By creating this pinch point plot, I hope to raise the amount of deer I see on a hunt. But at the same time, there’s a method behind my madness. See in the peak of the rut, mature bucks don’t just go barging out into the open. They’ll scent check a field on the downwind side, and if there’s a estrus doe in that field they’ll come out. But hopefully with my barrier that I’ll be creating on the edge of the plot. The only access point will be that north corner, and that’s where I’ll be sitting with my Hoyt Vector to stop anything that gets my blood pumping. Now you might be asking, “How can you be sure does will be in that plot?”. Well with proper plot management I hope to tackle that question. See my main food source I’ll be putting in the ground in the spring is going to be a chicory source. It’s a proven perennial that I won’t have to replant every spring, as long as I take care of it in the summer months. But as it begins to fade away in the fall (not entirely), the deer will look for new sources. That’s where once again the pinch point plot comes into play. Sure in the spring I’ll put out a clover source or something in that plot, just to keep something in the ground there. But in the last few weeks of July I’ll turn that clover over, allow for the nitrogen to return to the soil and let it sit for a few weeks. Then towards the end of August I’ll plant a fall and winter favorite to Whitetails, brassicas! These will provide more than enough food for the autumn and winter months. This is what I hope to be the key ingredient to the pinch point plot. Increasing doe traffic in the fall and hopefully increasing the buck traffic as well.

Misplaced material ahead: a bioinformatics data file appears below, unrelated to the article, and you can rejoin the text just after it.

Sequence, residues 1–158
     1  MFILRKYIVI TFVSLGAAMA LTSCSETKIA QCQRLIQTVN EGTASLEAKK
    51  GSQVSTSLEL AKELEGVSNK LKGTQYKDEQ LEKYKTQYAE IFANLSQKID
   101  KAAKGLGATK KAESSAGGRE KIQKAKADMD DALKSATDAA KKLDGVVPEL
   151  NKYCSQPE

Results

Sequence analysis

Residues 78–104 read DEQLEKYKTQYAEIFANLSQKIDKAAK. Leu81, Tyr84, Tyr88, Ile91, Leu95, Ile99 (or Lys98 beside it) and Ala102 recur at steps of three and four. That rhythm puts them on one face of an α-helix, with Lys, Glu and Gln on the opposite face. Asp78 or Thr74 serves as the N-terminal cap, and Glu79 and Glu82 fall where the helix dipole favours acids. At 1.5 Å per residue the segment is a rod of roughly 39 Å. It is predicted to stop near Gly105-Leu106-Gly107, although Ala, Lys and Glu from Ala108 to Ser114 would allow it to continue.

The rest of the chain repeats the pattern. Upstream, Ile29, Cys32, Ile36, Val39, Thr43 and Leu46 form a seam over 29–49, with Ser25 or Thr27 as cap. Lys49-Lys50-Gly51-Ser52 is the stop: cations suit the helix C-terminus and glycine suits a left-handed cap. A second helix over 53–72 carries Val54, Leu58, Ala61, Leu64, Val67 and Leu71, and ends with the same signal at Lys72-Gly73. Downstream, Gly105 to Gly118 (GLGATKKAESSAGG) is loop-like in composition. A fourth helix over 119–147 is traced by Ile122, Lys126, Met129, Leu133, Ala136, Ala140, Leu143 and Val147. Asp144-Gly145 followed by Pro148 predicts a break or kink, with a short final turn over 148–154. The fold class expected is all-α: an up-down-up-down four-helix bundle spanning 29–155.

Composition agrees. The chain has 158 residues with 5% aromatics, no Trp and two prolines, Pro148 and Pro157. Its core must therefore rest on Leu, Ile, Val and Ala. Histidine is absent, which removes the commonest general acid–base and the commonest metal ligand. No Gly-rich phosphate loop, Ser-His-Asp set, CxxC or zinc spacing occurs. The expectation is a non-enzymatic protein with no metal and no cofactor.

Below I’ve posted rough google earth sketches of these plans.

To wrap it up that’s just the beginning of my plan. I’ll share more on the individual plots and my other plans as I continue this blog. Along with some of the products I’ll use, and reviews of these products. Thanks again for your time and reading my blog.

Happy Hunting Folks!

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My Deer Herd Future… In Plain Sight

My Deer Herd Future... In Plain Sight

These two fawns I believe to be both bucks, or even just one of them is. Either way they’re the foundation of my new deer herd, and my future of hunting on my land. These two, along with another fawn (gender unknown). Are the start of my attempt to raise the overall health of my deer herd, and production of trophy class whitetails. I’ll be keeping you up to date and sharing the progress. Tomorrow I plan to post my in-season plans this year on hunting. Along with my plans to clear and plant plots, my feeding plan and schedule, and my mineral sites. Thanks for whoever reads this page and hopefully keeps up on my progress.